Invisible intruders – the voices in my head
This 30 minute radio documentary broadcast in Australia in 2013 provides a honest and wide ranging appraisal of people who say they hear “voices in my head”.
The programme is based around interviews with people who say “I hear voices”. It also considers what neuroscience can tell us about the experience of “hearing voices in my head”
Interviewees include well known voice hearers and members of the hearing voices movement: Will Hall from the USA, Indigo Daya from Australia and Rufus May from the UK. They all were able to show that it is possible to say “I hear voices” and be healthy and able to communicate in a coherent way what hearing voices in my head involves.
The programme tackles issues such as the discrimination faced by people who hear voices and the mistaken belief that voices are associated with violent behaviour.
The programme also looks at recent research findings by neuro-scientists. Susan Russell, Professorial Research Fellow at the Swinburne University and Monash Alfred Psychiatry Research Centre referred to the important recent research using brain imaging that show that when people say “I hear voices” the parts of the brain responsible for speech are active. This means that when people say they “I hear voices” they are not experiencing an hallucination.
For someone to say “I hear voices in my head” does not necessarily mean they have a psychotic disorder.
We would recommend this programme.
From the programme notes:
The programme considers how it is possible to deal with voices in your head?
We all have them to some extent – perhaps they’re just thoughts, comforting and easy to live with – but for some, they are menacingly real and reflect past trauma.
We hear what happens in the brain during “auditory hallucinations”, and how engaging with the voices can actually help to heal.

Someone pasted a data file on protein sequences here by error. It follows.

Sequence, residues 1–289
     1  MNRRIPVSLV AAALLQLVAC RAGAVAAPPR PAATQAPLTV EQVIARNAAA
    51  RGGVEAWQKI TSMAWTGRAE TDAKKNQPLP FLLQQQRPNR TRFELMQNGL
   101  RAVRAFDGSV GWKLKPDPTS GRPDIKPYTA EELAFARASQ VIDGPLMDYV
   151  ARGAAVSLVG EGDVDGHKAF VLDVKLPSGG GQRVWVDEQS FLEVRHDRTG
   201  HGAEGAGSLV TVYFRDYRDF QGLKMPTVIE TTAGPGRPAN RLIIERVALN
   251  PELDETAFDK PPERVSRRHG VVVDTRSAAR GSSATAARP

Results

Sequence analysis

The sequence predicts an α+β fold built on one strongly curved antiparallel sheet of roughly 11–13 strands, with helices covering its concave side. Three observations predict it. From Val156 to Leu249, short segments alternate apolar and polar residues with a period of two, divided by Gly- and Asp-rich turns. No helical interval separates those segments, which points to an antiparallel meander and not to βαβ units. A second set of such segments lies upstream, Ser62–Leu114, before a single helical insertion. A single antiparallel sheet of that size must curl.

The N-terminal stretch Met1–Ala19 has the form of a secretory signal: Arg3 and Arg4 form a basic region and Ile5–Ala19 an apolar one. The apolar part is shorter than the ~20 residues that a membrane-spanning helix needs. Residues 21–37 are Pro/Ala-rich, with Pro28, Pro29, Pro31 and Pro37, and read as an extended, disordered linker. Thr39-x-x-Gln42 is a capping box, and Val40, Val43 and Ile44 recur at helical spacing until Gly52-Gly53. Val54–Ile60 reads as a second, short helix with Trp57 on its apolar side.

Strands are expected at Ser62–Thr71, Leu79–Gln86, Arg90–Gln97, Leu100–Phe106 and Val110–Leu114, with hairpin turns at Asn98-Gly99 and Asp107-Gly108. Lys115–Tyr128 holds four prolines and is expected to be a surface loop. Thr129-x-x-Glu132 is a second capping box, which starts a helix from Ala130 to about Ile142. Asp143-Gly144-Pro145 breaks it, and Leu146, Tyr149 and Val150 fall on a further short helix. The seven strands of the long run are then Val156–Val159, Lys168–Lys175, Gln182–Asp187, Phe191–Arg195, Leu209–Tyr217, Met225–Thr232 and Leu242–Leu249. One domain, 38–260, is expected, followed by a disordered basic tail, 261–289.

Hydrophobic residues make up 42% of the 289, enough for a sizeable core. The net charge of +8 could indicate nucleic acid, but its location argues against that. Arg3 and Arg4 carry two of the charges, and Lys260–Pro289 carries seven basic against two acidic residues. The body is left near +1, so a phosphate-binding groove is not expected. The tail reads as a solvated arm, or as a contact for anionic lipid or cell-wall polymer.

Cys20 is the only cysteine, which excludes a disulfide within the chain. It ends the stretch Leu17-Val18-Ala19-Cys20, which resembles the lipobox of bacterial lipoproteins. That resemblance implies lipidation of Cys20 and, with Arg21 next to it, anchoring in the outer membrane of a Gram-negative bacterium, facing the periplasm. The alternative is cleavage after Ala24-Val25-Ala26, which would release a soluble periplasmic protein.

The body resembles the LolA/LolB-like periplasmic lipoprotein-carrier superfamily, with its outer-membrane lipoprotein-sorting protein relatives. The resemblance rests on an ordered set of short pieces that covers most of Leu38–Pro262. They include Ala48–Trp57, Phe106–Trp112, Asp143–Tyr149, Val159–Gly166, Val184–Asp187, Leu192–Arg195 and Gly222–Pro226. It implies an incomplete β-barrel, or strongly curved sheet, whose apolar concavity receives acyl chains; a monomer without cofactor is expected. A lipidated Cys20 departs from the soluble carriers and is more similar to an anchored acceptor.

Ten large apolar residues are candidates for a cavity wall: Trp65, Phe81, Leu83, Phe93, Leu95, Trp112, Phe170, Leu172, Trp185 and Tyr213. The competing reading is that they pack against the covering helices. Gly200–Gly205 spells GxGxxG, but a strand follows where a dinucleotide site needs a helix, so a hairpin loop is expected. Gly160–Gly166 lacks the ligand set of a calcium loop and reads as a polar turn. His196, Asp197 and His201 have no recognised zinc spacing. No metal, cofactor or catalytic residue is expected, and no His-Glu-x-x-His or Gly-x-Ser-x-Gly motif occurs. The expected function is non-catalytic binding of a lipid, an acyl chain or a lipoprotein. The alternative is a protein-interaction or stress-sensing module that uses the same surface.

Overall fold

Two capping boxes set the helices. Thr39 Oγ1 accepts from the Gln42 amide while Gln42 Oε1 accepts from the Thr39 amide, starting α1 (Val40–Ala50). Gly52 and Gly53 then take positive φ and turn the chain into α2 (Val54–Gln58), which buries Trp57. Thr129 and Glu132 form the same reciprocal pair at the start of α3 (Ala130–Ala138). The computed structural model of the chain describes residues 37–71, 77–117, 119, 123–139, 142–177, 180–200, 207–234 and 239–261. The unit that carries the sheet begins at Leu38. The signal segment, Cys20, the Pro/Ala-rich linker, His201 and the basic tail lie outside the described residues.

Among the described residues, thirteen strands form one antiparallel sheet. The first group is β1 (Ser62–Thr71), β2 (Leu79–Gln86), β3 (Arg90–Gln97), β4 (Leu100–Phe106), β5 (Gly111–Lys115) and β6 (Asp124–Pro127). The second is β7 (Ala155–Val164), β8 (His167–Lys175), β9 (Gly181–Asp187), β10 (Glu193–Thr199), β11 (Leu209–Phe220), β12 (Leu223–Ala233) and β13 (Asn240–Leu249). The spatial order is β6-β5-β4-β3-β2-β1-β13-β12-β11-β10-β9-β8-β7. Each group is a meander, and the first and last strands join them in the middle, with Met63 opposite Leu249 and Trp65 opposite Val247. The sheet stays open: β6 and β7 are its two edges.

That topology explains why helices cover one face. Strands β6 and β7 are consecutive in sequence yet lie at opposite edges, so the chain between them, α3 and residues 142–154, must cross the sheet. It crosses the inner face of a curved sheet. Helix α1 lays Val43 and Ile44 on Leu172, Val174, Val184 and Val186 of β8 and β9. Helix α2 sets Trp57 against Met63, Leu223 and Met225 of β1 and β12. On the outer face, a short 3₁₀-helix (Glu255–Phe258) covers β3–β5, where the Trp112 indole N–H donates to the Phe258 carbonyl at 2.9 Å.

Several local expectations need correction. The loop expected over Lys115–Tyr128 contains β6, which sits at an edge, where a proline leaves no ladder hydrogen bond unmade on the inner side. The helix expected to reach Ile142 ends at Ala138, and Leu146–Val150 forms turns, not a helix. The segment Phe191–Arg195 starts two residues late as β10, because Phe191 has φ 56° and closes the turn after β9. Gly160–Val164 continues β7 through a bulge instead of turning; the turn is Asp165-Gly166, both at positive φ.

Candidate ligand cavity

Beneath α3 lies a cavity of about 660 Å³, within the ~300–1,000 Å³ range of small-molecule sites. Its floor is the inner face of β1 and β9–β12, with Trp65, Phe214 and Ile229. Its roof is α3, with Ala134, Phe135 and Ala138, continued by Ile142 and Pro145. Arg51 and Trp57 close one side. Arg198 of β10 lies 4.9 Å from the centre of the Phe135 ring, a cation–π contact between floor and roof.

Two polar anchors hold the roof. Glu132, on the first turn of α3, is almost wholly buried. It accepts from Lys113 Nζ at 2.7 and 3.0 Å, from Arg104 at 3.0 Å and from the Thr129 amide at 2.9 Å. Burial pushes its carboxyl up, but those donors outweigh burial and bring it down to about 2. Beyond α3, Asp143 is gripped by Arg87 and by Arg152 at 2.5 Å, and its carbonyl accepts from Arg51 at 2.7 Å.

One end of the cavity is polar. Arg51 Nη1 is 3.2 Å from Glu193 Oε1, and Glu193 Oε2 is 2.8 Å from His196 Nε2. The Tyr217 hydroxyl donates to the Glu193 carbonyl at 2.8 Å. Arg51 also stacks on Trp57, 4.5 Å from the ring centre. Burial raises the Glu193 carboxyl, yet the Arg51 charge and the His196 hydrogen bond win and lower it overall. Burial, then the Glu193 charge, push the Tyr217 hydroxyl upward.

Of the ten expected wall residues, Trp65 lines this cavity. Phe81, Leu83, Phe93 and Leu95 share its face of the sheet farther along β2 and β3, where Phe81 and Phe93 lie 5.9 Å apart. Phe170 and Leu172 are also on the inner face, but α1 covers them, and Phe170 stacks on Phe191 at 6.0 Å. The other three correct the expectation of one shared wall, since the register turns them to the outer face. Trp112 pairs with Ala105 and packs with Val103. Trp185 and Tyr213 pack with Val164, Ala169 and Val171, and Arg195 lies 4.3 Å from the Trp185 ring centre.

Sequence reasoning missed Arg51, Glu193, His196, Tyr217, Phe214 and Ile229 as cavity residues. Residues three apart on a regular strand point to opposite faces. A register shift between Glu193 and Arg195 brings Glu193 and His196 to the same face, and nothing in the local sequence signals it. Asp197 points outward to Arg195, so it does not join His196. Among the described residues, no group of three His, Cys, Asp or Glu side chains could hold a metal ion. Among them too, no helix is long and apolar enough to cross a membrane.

One voice hearer interviewed in the broadcast found relief by giving one of her voices his own Facebook page!
You can read the transcript of the programme here.
Invisible Intruders – “The Voices in my Head” Broadcast, Sunday, on All in My Mind, ABC Radio, 1st December 2013
Transcript of Invisible Intruders in My Head Documentary
Lynne Malcolm: On RN, I’m Lynne Malcolm with All in the Mind, and this is an impression of what some people hear when nobody is there.
Research shows that at least 4% of the population hear voices. We all have the experience to some extent, as thoughts, memories or in dreams, but some people hear voices when they are awake, and they can be menacingly real and frightening.
Today we’ll hear what neuroscience has to tell us about voice-hearing, and some innovative treatments focussed not on getting rid of the voices but changing the relationship with them.
Will Hall: Ever since I was a kid I had very powerful altered states experiences, and eventually that’s what led me to end up in the mental health system. I was locked up in hospitals and had a very difficult time, was on different kinds of medication. And today I still live with altered states experiences, including voices, and I have voices that are both positive and negative in my life.